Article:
When you use the mental aspect of practice it makes practice easier and better. You improve your results by embracing mistakes. Mental Practice also helps you use your brain to make your skill acquisition easier.
Think In Images
Which of the following instructions is easier to remember?
- Take the tennis racquet back in a straight horizontal line.
- Take a tennis racquet back as if you were sweeping dishes off a coffee table.
- Trap the soccer ball gently.
- Let the ball kiss your foot.
The images are far easier to grasp, recall, and perform. This is because your brain spent millions of years evolving to register images more vividly and memorably than abstract ideas. Whenever possible, create a vivid image to each chunk you want to learn. The images don’t have to be elaborate, just easy to see and feel.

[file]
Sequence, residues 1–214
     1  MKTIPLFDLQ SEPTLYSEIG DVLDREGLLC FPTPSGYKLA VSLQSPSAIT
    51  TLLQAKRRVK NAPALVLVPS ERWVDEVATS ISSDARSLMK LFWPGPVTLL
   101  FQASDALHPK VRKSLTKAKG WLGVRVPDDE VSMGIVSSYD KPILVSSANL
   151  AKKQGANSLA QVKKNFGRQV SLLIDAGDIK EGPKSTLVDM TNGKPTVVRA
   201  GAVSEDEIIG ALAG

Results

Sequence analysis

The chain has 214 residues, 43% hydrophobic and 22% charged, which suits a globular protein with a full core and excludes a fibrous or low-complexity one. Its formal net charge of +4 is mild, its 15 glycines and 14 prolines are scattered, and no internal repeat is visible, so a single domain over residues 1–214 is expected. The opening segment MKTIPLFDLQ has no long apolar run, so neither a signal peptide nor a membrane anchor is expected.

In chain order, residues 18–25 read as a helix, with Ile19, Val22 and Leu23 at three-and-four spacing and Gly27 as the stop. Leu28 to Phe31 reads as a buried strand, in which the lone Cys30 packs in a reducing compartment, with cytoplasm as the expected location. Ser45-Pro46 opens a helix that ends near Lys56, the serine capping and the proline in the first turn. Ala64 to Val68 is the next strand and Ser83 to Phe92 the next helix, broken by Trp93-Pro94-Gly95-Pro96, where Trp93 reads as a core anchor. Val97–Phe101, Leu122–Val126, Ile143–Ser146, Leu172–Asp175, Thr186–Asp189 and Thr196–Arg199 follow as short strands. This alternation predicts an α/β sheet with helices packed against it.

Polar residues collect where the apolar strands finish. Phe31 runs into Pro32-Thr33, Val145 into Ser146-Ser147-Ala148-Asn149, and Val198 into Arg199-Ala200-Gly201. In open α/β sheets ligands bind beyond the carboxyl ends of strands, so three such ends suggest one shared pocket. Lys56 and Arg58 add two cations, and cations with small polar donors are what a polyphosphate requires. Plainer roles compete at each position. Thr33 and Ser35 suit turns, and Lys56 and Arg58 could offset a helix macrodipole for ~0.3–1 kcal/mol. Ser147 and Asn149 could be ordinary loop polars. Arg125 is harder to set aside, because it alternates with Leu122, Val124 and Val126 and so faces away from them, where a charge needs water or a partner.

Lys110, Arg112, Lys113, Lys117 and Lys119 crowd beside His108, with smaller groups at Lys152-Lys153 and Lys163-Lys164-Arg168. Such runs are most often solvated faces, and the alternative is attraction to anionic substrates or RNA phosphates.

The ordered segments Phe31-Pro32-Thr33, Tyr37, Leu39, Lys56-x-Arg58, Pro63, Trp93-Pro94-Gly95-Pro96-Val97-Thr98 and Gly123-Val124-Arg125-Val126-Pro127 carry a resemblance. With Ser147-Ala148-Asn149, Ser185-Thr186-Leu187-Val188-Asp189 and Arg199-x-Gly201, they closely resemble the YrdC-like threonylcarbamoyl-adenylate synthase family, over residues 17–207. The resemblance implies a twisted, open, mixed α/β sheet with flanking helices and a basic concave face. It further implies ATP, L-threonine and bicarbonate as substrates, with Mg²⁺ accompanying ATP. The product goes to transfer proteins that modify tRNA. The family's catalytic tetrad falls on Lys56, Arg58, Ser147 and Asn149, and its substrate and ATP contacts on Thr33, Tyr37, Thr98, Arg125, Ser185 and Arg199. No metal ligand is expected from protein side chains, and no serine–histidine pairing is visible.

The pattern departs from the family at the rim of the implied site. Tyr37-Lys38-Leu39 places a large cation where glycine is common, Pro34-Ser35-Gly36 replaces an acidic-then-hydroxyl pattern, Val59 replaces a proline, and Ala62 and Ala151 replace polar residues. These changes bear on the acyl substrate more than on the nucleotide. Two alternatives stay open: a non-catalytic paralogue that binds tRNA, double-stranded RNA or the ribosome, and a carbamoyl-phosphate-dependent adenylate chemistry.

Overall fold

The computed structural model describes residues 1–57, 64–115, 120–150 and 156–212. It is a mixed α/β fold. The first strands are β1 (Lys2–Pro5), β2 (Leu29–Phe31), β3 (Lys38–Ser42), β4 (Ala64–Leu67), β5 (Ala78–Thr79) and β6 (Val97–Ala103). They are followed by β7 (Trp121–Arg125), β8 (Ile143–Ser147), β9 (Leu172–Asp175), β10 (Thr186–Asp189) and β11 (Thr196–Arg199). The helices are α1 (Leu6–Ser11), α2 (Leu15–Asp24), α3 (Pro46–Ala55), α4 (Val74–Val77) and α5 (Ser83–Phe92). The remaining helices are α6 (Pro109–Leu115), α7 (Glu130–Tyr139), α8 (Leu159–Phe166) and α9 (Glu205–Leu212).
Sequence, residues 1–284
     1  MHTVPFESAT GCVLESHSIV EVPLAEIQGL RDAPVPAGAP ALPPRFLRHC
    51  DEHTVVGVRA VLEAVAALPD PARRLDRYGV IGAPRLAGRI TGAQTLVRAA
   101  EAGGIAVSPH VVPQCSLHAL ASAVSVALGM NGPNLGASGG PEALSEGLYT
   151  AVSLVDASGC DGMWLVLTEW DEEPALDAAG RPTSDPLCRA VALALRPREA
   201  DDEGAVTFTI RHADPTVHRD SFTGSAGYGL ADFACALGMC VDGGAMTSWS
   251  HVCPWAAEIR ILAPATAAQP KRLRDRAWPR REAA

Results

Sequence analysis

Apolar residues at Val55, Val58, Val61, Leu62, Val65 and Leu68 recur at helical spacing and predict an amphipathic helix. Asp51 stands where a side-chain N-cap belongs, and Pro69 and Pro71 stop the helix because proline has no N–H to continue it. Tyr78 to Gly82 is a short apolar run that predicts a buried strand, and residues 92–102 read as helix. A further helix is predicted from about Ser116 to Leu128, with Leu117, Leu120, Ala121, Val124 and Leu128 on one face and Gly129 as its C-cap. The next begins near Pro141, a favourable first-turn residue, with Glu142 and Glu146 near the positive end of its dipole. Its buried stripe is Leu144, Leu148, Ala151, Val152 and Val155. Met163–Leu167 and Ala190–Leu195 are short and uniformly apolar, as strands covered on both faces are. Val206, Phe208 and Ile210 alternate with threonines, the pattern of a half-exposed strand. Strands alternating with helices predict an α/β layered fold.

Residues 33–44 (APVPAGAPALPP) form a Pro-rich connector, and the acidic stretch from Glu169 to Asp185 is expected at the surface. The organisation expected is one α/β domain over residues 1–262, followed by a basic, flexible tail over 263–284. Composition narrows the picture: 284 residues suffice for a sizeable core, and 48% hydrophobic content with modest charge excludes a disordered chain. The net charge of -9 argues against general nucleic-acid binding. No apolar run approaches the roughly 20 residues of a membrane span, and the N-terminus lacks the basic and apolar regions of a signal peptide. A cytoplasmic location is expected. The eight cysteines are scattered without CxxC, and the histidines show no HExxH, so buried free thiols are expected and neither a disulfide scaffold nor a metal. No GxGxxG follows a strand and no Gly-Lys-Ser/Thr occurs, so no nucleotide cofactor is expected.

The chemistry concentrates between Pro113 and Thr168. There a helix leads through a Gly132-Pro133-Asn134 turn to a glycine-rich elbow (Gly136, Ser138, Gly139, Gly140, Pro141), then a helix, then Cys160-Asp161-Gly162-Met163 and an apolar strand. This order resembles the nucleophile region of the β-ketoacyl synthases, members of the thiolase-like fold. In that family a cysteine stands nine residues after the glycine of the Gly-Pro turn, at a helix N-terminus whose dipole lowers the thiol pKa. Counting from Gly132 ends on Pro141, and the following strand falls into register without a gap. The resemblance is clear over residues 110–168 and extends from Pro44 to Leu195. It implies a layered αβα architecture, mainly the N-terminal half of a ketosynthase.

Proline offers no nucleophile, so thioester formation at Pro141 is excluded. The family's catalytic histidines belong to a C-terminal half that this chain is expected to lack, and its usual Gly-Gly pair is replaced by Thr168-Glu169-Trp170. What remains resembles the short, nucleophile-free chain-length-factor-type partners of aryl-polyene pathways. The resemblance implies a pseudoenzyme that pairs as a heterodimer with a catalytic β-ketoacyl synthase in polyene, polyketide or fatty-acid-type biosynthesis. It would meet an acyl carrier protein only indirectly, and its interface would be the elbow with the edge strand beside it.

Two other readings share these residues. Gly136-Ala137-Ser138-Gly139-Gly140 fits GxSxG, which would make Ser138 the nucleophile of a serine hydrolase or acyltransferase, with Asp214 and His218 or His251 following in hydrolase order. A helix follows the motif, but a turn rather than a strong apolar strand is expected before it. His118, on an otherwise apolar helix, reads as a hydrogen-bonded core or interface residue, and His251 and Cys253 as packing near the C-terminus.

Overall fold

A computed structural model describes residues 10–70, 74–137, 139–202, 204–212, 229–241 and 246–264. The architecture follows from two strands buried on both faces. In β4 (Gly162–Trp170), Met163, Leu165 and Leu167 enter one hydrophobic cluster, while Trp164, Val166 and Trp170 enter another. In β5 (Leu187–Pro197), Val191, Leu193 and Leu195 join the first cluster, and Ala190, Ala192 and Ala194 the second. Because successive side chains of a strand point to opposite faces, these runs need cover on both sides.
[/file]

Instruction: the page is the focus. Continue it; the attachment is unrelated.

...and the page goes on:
Most of us avoid mistakes – we hate them. When we make one, our every instinct urges us to look away, ignore, and pretend it didn’t happen. This is not good, because mistakes are our guideposts to improvement. Brain scan studies reveal a vital instant, 0.25 seconds after a mistake is made, in which people do one of two things – they look hard at the mistake or they ignore it. People who pay deeper attention to an error learn significantly more than those who ignore it.